It is also crucial to have a firm understanding of the big picture in the field where these questions are being asked. There is a substantial amount of context and content that guides someone to the right kinds of conjectures and the proofs of those conjectures. Mathematics is a field in which the objects of study are highly structured, and knowing these structures helps eliminate some of the technical clutter that can obfuscate the underlying truths that one wishes to prove and the bits and pieces that go into proving them. Many proof techniques can be adapted to different situations, so in some sense theorems may be proved by matching a generalized proof to a statement you would like to prove specifically.

**Building Theories and Solving Problems:** Tim Gowers is famously credited for roughly dividing mathematicians into the two categories problem-solvers and theory-builders (or rather, he is credited for noting this division in his oft-quoted The Two Cultures of Mathematics). I won’t discuss this dichotomy, but these two activities characterize much of the research done in mathematics. Proving single, unrelated theorems one-by-one is not usually how research goes. Rather, the enterprise involves longer strands of investigation — a dozen theorems sometimes collapses into a single stronger and better statement after enough exploration and refinement. Meanwhile, single ideas branch into many avenues of investigation. But generally, the aim is not to knock down one theorem, then turn around π radians and start over, but to work on larger-scale investigations. I could make a metaphor about bowling pins or dominoes, but I think the idea is clear. An important aspect here is also collaboration, which is a major element of research for many mathematicians. Working on papers is one part of collaboration, but other important activities include seminars & conferences (as participants and as organizers), expository writing, editorial work, and many other collaborative activities.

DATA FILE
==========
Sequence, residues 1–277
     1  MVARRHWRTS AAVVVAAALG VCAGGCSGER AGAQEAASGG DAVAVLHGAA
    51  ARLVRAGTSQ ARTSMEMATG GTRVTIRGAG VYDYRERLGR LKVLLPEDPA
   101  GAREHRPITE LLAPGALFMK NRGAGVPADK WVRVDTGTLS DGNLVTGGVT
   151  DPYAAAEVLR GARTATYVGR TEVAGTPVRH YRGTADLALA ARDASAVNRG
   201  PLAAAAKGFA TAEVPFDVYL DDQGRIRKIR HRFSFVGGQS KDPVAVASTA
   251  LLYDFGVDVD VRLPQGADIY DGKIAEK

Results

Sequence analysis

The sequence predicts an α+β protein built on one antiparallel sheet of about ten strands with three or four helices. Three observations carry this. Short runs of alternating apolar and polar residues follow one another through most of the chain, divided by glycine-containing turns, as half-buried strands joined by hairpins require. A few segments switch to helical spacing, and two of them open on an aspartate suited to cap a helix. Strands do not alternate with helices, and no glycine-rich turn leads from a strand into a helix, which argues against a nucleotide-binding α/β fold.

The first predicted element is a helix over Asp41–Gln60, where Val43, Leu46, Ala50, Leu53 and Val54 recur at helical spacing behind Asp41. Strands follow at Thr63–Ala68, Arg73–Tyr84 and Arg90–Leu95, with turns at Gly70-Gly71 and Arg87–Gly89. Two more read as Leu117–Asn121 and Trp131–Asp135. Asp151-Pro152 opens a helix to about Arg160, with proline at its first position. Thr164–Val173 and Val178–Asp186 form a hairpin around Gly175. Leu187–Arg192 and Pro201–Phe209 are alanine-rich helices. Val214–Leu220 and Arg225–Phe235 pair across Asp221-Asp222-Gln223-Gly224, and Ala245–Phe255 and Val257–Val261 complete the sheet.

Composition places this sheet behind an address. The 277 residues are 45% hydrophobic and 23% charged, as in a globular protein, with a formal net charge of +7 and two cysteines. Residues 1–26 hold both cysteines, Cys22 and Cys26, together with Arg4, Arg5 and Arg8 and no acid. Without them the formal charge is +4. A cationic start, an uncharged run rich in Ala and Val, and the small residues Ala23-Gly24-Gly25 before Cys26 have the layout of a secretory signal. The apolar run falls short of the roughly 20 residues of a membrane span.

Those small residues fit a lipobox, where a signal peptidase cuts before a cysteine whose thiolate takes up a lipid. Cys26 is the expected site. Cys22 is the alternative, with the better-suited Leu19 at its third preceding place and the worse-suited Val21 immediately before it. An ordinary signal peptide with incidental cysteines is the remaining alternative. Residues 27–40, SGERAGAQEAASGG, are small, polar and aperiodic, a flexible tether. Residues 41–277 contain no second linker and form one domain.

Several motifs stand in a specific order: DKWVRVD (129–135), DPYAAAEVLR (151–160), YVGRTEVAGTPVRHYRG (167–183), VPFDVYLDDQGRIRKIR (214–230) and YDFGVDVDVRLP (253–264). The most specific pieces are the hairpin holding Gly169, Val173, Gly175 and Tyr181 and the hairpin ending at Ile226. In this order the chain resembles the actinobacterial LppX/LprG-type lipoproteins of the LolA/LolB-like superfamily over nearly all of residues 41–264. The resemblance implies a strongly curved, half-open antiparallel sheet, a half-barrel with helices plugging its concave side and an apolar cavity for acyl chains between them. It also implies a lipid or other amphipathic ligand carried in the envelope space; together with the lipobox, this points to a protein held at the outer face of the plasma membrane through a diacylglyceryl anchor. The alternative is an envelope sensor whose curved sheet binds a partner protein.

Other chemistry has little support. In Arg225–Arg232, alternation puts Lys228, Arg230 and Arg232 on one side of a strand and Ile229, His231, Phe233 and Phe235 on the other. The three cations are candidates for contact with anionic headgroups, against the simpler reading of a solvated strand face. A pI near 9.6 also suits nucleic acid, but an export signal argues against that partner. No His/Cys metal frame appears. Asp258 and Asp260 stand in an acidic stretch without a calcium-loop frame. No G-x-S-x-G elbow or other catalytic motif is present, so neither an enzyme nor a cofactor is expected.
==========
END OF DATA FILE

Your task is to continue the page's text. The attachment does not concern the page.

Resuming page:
So the venture is to find good lines of research and establish some clear, path along that line. There are the two approaches. The first is to identify important problems and build up theory to solve them. One famous example is Fermat’s last theorem, which conjectured centuries ago and recently proved by Andrew Wiles. During those centuries, large swaths of mathematics were developed in large part as attempts to prove this conjecture (including Schur’s theorem, one of my personal favorites). This “problem solver” work weaves what might be the leading strands of the theory, loose and rough but pushing outwards farther than neighboring strands. Such work often moves mathematics in innovative or interdisciplinary directions, building bridges between fields of mathematics, and may also connect with work in applied mathematics. The “theory builders” weave strength and cohesion into the fabric (to extend the metaphor). To this end, they focus their research on developing and enriching the theory. They may work to classify all types of a particular structure, for example. Such work includes that of several Rutgers faculty in classifying the finite simple groups. This theory-building reinforces others’ work as they develop and solve conjectures, as it makes the underlying theory more robust.